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Quiet treadmills can provide an excellent solution for individuals who need to work out at home without disturbing neighbors or other members of the family. Some companies make a type of quiet treadmill that is specifically designed to generate less noise from the motor and belt, so choosing one of these will likely be better than just choosing any treadmill. However, it is still often difficult to determine how loud even a "quiet treadmill" will be based on the manufacturer's claims, so it is usually a good idea to test the treadmill out first before buying one.
Having a quiet treadmill can be a necessity for those who live in an apartment building where the neighbors might become annoyed or complain about the noise. A quiet treadmill is also a blessing for anyone who enjoys watching television, listening to music, or doing other activities while working out that would be hard to hear over the noise of a regular treadmill. One of the best ways to determine which treadmill is suitably quiet is to simply test it out in the situation in which it will be used most often. For example, bring a music player to the store and ask a salesperson if it would be okay to jog for a couple of minutes on each treadmill model to test out whether the music is audible over the treadmill noise. Alternatively, bring a friend along who can walk some distance away and report how loud the treadmill is at various distances.
Some people find that magnetic treadmills are a better choice than standard treadmills. A regular treadmill with a motor, even if it is made to be quieter than other comparable treadmills, will still likely be noticeably louder than a magnetic one. Individuals who have never owned a magnetic treadmill or used one extensively should find an opportunity to try one out for a full workout to determine whether this is a viable option, because the magnetic treadmill experience is much different than that of a regular treadmill and may not be appealing to some people.
The sound of the motor is not the only noise that can be potentially bothersome during a treadmill workout. The pounding footsteps, especially from exercisers who run instead of walk, can be even louder than the steady drone of the motor. Choosing a more padded belt, a treadmill with a springier platform, and appropriate running shoes can help somewhat with reducing this noise. It may also help to place the treadmill in a room with carpeting and plenty of plush furniture to dull the noise further and to reduce or eliminate any resonating echo that could become bothersome.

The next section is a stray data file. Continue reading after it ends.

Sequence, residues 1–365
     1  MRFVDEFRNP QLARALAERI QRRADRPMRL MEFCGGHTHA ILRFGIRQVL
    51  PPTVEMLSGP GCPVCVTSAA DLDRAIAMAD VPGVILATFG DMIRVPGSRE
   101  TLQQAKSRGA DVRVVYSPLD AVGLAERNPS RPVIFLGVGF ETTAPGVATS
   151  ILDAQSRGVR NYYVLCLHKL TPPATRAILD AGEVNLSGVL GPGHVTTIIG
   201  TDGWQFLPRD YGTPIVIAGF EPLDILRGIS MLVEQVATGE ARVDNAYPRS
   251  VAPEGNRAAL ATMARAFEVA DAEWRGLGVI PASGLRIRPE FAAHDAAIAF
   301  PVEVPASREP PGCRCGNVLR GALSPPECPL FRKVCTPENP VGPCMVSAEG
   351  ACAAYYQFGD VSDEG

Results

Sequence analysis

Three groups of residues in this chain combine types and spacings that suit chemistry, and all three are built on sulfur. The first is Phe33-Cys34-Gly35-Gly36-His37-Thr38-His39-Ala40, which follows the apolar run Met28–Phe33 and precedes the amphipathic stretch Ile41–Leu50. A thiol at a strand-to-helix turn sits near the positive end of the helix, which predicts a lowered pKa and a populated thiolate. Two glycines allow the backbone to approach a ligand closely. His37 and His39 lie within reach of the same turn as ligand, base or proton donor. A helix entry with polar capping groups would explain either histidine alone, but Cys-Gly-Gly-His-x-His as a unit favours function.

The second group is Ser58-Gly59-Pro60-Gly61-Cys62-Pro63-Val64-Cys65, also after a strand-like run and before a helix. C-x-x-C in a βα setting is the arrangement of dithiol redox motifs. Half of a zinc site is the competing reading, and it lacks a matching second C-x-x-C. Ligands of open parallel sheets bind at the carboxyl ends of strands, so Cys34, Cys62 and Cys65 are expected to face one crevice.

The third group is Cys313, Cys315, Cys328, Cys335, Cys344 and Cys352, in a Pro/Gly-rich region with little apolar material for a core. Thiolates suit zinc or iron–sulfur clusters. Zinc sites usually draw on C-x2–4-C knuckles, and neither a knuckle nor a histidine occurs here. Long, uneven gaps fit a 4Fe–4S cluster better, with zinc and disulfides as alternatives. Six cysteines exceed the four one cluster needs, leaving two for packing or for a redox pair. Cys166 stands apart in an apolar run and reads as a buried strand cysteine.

@Soulfox -- I don't know how much I agree with that. I believe that the quieter treadmills are also the more expensive and better made ones. That means those should have durable, quality parts that will hold up under a lot of use.
That is good to know because there are people out there who hate -- and I mean absolutely hate -- magnetic treadmills. I will agree that those might be more durable, but that feature won't matter if you hate using the treadmill so much that it stays parked in a corner.
You can, then, find a motorized treadmill that will last a long time and, perhaps, hold up just about as well as a magnetic one.
Another big advantage of the magnetic treadmill is that there are fewer moving parts that can break. Obviously, a treadmill takes a lot of abuse and have to be sturdy by necessity.
But sturdiness only goes so far. If you have a lot of moving parts like you find in a more conventional treadmill with an engine, then you still have a lot of stuff that can wear out over time.
You reduce the number of moving parts in a magnetic treadmill, so one should hold up longer. The fact that one of those is quieter is an added bonus.
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